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[Re: Issue: DOTTED-MACRO-FORMS (Version 2)]
- To: Common-Lisp@sail.stanford.edu
- Subject: [Re: Issue: DOTTED-MACRO-FORMS (Version 2)]
- From: firstname.lastname@example.org
- Date: Mon, 03 Oct 88 11:48:31 PST
- Cc: email@example.com
- Posted-date: Mon, 03 Oct 88 11:48:31 PST
- Sender: firstname.lastname@example.org
Well, there is a large cost associated with adding another declaration
that has semantic import.
I understand why adding declarations WITHOUT semantic import is always
easy on implementors. But I don't understand how adding declarations
WITH semantic import is necessarily costly for them. In particular, since
people whom I assume to be knowledgeable stated that it would be trivial
form implementations to either accept or reject dotted macro forms, I don't
see why a user declaration to control this on a per macro basis would
be very costly for them. In particular, why would it be any more costly
than any other clarification of the dotted macro issue? (Except for specifying
that "it is an error" rather than "an error is signalled", which
would let all the implementors continue to be inconsistent, but has no
other redeeming characteristics in this situation.)
Didn't we have some issue about whether
(APPLY #'(LAMBDA (&REST X) X) '(A B . C))
an error? although I forget its name offhand. Isn't this related? I.e.,
can't we assume that argument lists don't end in dotted pairs?
Since it is not legal to APPLY macros, and since macro lambda lists already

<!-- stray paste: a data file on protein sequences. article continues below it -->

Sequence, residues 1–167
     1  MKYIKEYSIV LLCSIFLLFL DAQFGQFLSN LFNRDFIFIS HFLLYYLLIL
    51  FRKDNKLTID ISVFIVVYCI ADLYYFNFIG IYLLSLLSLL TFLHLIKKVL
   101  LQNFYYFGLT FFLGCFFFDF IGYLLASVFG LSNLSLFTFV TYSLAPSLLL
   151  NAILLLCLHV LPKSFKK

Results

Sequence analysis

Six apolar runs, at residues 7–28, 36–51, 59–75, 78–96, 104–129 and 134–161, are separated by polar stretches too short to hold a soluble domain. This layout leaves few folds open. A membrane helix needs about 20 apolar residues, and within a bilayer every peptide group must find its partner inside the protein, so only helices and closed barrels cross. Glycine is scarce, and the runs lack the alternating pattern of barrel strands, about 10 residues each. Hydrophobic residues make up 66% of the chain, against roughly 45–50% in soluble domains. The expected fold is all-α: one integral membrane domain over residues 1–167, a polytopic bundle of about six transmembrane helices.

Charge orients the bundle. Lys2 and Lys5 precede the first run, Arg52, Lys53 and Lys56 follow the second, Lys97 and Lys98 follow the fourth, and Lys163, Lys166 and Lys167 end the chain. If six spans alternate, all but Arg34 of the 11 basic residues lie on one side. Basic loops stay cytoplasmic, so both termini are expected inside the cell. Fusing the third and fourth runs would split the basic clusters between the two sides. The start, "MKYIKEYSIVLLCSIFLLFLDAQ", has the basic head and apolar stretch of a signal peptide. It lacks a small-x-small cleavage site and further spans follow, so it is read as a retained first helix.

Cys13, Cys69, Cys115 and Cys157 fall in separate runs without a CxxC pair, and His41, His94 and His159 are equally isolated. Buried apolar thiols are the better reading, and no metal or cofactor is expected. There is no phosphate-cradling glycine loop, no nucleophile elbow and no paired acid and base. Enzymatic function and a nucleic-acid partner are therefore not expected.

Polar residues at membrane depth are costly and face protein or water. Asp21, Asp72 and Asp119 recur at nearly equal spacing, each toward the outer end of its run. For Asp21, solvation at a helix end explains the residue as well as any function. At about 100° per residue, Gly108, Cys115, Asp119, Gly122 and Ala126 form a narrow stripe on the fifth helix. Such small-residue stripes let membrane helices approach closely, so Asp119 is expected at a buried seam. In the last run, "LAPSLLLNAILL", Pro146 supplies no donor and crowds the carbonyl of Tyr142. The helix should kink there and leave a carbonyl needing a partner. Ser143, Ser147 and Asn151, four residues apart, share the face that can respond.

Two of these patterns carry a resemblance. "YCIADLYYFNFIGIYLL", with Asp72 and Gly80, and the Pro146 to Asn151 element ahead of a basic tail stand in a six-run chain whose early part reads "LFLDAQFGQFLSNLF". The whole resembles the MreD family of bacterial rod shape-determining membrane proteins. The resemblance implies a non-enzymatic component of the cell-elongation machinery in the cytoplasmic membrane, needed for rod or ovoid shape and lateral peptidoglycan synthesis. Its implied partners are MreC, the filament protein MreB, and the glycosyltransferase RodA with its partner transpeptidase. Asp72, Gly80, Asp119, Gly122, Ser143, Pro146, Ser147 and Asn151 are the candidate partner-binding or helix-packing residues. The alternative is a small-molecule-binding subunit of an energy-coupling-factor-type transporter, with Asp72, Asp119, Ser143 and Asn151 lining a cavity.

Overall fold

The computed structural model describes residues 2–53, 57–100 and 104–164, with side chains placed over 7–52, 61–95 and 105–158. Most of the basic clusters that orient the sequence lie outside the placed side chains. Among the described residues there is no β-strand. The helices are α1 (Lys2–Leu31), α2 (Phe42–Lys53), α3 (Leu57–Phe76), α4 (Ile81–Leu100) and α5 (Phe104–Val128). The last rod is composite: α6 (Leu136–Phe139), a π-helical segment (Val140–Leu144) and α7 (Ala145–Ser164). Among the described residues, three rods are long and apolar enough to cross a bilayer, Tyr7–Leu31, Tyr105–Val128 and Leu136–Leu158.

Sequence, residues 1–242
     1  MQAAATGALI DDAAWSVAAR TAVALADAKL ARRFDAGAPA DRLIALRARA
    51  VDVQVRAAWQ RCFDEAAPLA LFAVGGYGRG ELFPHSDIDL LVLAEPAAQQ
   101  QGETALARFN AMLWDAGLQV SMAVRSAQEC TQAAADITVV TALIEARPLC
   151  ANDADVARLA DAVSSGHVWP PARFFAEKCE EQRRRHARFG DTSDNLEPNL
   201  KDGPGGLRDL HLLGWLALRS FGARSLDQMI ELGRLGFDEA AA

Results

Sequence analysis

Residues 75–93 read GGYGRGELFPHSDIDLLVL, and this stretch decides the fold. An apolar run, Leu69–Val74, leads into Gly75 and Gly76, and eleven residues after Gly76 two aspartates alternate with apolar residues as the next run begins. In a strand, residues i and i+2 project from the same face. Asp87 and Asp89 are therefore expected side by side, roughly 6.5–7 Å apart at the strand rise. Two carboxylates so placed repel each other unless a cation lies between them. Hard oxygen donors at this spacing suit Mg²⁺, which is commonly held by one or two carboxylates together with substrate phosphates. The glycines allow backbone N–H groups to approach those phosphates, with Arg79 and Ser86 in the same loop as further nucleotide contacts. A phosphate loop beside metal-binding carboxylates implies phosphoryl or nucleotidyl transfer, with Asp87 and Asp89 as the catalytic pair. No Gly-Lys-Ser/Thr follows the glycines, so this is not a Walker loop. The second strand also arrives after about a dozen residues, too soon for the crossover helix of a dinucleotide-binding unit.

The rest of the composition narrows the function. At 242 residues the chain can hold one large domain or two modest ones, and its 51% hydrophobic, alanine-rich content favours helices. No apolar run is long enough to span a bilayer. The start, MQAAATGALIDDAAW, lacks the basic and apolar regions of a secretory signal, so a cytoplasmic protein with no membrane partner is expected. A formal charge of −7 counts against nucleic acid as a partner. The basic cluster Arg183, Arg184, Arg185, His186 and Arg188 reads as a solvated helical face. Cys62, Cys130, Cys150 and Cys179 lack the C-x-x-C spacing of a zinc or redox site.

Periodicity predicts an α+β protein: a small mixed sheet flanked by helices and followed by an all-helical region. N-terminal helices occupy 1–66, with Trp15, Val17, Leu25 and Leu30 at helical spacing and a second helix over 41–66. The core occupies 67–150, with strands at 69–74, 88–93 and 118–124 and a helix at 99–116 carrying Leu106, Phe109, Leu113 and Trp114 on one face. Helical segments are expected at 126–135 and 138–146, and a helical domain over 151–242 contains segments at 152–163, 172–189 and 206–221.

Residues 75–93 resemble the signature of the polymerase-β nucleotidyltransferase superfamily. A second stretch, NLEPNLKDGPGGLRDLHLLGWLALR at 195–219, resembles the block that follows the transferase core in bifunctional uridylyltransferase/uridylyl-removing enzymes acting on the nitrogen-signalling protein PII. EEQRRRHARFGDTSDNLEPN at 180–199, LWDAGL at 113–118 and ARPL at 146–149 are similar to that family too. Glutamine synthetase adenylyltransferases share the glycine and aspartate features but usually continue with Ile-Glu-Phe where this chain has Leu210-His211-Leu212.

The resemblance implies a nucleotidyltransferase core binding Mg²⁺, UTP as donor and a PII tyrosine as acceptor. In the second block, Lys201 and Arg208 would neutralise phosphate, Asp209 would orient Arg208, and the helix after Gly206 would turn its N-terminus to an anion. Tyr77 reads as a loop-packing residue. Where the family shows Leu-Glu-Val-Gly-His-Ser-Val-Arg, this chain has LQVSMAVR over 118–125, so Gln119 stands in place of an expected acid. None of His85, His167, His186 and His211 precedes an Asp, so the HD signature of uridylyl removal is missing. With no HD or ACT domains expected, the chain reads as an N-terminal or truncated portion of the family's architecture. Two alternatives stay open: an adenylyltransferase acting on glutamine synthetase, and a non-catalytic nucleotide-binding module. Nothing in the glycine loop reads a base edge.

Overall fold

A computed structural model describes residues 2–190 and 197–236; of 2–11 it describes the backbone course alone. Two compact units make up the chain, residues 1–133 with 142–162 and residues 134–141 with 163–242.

have a syntax that allows things NOT allowed in lambda lists of
APPLYable lambda, the resolution of one issue doesn't NECESSARILY tell
us how to resolve the other.
However, I would very definitely see a virtue in having the language
defined so that it was guaranteed that whenever I saw an &REST variable
it was guaranteed to be bound to a non-dotted list (or NIL).
I wouldn't be terribly bothered by totally outlawing dotted argument lists,
if it were done uniformly (although I would prefer that they be allowed
in cases where the programmer explicitly indicated a willingness to
accept them.) But, unless I misunderstood the :DISALLOW proposal,
only top-level dotted lists are disallowed. One could still write
(MY-MACRO (x . :all) (foo x) (fum x))
where the dotted argument is not at the top level, and
receive the parameters with either
(var-and-control &body forms)
((var . control) &body forms)
((var &rest control) &body forms)
which binds the &rest to (x . :all).
Why are top-level dotted argument lists so much more objectionable than
embedded ones, so that it makes you want to have a different semantics for
the embedded lambda lists in the macro syntax?